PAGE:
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Author Topic: Mamiya lens comparisons, 645 vs RZ 67 series  (Read 3033 times)
ErikKaffehr
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« Reply #20 on: October 18, 2012, 04:21:58 PM »
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Hi,

Thanks for positive feedback. I would just add two points.

1) The issue with the four backs was described by Joseph Holmes and the person involved was Mark Dubovoy. Mark is said to shoot often with large apertures. He is also an old 8x10" shooter so I think he is very persnickety with sharpness.

2) The other issue is that you clearly say that if there is a problem it can be solved by a good dealer. That is a very good reason to work with a good dealer (like CI).

Best regards
Erik


Agreed with most of what you're saying here Erik, with the emphasis on - test new equipment thoroughly and return for exchange or resolution promptly. With existing equipment - let's say you've shot with a digital back on your camera system for 2 years and you've noticed lately the viewfinder focus point and the resulting image focus point don't seem to agree -  then don't allow this to remain un-resolved. It is resolvable. It's only a problem and there is a solution.

There is 1 situation where 4 different backs on the same body with 2 in focus and 2 out of focus are not the digital back, and that is when it comes to what is behind the camera/digital back. But assuming that is good as well, then simply get it resolved.

If someone took every camera and lens combination - and precisely tested the focusing accuracy for each, a larger percentage would show as not being in proper calibration/alignment than is reported. There are some who are not aware they are not within the stated tolerances due to the nature of how they use the product, or the difference is not great enough for them to notice.

But I have never ever had any situation where the focus tolerances could not be resolved satisfactorily.


Steve Hendrix
Capture Integration
« Last Edit: October 18, 2012, 04:23:56 PM by ErikKaffehr » Logged

ondebanks
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« Reply #21 on: October 22, 2012, 10:49:01 AM »
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you may find my brief tests useful: -

http://www.tonyhowell.co.uk/lenstests.htm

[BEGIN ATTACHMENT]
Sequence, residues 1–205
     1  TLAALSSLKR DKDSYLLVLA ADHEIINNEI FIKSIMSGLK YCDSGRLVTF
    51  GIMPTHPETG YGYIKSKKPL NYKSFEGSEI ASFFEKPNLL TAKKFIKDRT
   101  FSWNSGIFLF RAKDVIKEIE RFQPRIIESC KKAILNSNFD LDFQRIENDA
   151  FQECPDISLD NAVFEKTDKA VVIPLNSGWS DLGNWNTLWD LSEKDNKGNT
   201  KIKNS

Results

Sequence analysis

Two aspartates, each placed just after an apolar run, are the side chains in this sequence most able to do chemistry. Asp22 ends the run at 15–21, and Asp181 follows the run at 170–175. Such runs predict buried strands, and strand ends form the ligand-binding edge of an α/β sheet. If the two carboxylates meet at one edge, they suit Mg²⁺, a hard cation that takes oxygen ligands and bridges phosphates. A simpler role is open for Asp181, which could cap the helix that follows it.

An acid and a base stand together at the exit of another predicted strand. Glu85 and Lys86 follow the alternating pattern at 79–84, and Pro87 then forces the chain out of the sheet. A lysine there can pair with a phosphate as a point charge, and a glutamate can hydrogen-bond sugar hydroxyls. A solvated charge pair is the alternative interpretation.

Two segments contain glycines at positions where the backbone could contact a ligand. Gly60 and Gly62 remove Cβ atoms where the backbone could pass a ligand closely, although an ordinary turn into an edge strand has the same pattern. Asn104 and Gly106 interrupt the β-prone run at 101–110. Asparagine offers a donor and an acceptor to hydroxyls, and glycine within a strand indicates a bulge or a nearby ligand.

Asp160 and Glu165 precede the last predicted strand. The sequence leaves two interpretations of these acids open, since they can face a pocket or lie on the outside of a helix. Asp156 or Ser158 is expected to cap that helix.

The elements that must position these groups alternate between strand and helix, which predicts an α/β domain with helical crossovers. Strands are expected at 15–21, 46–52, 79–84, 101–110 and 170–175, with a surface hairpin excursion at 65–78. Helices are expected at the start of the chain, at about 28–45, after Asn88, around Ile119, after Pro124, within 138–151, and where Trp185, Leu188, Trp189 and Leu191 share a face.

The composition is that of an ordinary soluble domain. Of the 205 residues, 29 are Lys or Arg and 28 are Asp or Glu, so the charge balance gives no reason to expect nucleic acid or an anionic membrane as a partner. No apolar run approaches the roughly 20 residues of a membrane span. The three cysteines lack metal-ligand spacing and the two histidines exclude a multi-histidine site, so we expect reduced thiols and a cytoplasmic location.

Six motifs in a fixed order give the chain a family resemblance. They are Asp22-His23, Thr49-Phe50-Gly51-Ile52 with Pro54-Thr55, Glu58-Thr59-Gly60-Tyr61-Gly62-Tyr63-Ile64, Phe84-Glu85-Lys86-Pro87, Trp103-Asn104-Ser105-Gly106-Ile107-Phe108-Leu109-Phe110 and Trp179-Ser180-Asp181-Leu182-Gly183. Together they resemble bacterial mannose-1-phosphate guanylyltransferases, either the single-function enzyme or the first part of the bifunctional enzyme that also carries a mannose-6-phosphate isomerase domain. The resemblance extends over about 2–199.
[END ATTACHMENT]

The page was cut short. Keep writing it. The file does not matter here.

The 35mm lens is bad!

Nice to see your tests, Tony. But the 35mm is not there?

Ray
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ondebanks
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« Reply #22 on: October 22, 2012, 10:58:22 AM »
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I had a 24mm fisheye and it was not very sharp even on 28MP (found it as new stock as late as ca. 2007). Same was for my copy of 35mm AF, though there is also a newer AF D? version of it which should be better.

Anders, you're the first person I've come across who didn't find the 24mm fisheye outstanding. My sample certainly is, even wide open. You must have had bad luck!

Re. the 35mm: the C, N and AF versions are all the same optical formula, bar tweaks to the multicoatings. The AF D version is probably different - I haven't seen that design in detail.

The C/N/AF version has pronounced field curvature. Many people notice this in part of their images and say "I got a bad sample". But if they conduct a careful test and the effect is radially symmetric, then it's just the design, not a particular bad copy. BTW stopping down reduces the impact of field curvature.

Ray
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ErikKaffehr
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« Reply #23 on: October 22, 2012, 11:38:37 PM »
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Hi,

Just a few questions on field curvature.

1) My take is that if it makes for unsharp corners or even edges in landscape shooting (where we often shoot at infinity) it is a bad thing. Correct?

2) If we stop down sufficiently, depth of focus will cover up field curvature, so we can live with it?

3) If we need to stop down to much we loose central sharpness due to diffraction, but that can be compensated to some degree with sharpening.

I'm very much interested to hear your take on the issue.

Best regards
Erik



The C/N/AF version has pronounced field curvature. Many people notice this in part of their images and say "I got a bad sample". But if they conduct a careful test and the effect is radially symmetric, then it's just the design, not a particular bad copy. BTW stopping down reduces the impact of field curvature.

Ray
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ondebanks
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« Reply #24 on: October 24, 2012, 10:23:25 AM »
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Hi,

Just a few questions on field curvature.

1) My take is that if it makes for unsharp corners or even edges in landscape shooting (where we often shoot at infinity) it is a bad thing. Correct?

2) If we stop down sufficiently, depth of focus will cover up field curvature, so we can live with it?

3) If we need to stop down to much we loose central sharpness due to diffraction, but that can be compensated to some degree with sharpening.

I'm very much interested to hear your take on the issue.

Best regards
Erik



Hi Erik,

Basically - yes; yes; and yes.

It is disconcerting to follow the plane surface of sharp focus in an image taken with the 35mm wide open. You can do this if you have fine detail (like long grasses) from right at your feet out to a long distance, and you focus at infinity where you have say, a line of leafless trees. In the centre of the frame, it's really crisp at infinity; then the trail of sharpness sweeps closer as you scan the image to the left and right. At the edges it may be only around 10 feet from where you set up the camera. It's sort of...parabolic.

Ray
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